Things that do not go together: An upright bass and a dance beat. Crafting parties and honky tonks. New York and hillbillies. Instagram and romance. Tones harkening back to Hank Senior and a sound fresh enough to turn country music on its ear. Somehow, Curb Records newcomer Ruthie Collins doesn’t just bring those polar opposites a little closer, she connects them in a way that makes perfect sense. The effect is stunning – nowhere more so than on her debut single “Ramblin’ Man.”
When sounds reminiscent of Hank Williams’ mournful call are joined by Collins’ ethereal vocals over a completely unexpected backbeat, traditionalists instantly know the track is no mere cover of the 1953 chart-topper. Listeners unfamiliar with Williams – or even his son – simply realize that someone has taken country music to a place they never imagined it could go. As both groups get to know Ruthie and her introductory EP Vintage, the convergence of these seemingly disparate realities is convincing them that something truly unique is happening.
“I am a really old-fashioned person living in 2014,” Collins says. “I drive a 1984 Jeep Wagoneer with wood paneling, but there’s a backup camera and an iPod dock. I am obsessed with rustic farmhouse decor. I have a garden. All these things are very country, we just don’t always think about young women in that way. But they’re out there and they’re having crafting parties with their girlfriends. Whether it’s something that’s timeless or something brand new that aspires to that, I am drawn to things that speak of permanence. And that’s how I feel about my music – the upright bass and bluegrass instrumentation modernized and brought into the present day.”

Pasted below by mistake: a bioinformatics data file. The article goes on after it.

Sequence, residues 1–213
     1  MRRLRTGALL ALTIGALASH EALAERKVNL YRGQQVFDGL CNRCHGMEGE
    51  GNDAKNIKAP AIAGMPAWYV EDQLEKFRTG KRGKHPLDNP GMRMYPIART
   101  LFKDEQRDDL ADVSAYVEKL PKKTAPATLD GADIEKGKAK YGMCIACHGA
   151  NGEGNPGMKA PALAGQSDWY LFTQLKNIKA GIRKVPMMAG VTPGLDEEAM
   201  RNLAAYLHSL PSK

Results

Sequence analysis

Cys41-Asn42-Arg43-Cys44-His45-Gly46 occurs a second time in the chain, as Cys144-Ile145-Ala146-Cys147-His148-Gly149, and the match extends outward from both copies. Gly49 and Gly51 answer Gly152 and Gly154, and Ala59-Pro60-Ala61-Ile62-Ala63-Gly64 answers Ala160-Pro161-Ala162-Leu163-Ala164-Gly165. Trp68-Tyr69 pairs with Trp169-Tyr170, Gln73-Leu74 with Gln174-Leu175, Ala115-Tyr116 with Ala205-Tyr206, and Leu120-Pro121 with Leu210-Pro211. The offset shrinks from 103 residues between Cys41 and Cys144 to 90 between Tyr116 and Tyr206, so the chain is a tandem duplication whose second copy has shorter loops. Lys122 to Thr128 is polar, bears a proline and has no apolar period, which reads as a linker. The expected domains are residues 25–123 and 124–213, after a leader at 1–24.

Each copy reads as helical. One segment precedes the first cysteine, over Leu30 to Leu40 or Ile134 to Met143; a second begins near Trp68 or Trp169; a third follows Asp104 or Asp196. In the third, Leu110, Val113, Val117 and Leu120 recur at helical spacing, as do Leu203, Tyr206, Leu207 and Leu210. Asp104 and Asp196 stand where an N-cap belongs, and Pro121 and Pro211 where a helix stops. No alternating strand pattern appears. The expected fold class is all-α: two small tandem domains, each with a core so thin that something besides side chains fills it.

Bringing those sensibilities together, she and producer Curt Gibbs decided to use the sound of “Ramblin’ Man.” “When I heard Hank Senior sing ‘I love you, baby,’ it just sounded like this guy talking to his girlfriend,” Ruthie says. She intended to write lyrics, but made a spot decision. “I Googled the lyrics and went in to sing a scratch vocal, changing it a bit to be from a female perspective. I don’t know where that melody came from, but I sang it off-the-cuff and we haven’t changed it a bit. The first time I did it, it was all there.”
“Ramblin’ Man” changed how she thought about the music she was still writing and had already recorded. Early reaction to songs including “Get Drunk And Cry” and the EP’s title track are confirming what she has finally come to believe. “So, I can just be myself?” she asks rhetorically. “I don’t have to try to be a lot cooler than I am? I can actually talk about Pinterest and gardening and crafting? It’s okay that I don’t sound like Martina? I’m just laying it out there. It’s different and kinda scary, but a leap of faith.” In the end, making music and being exactly who she is are two things that go together perfectly for Ruthie Collins.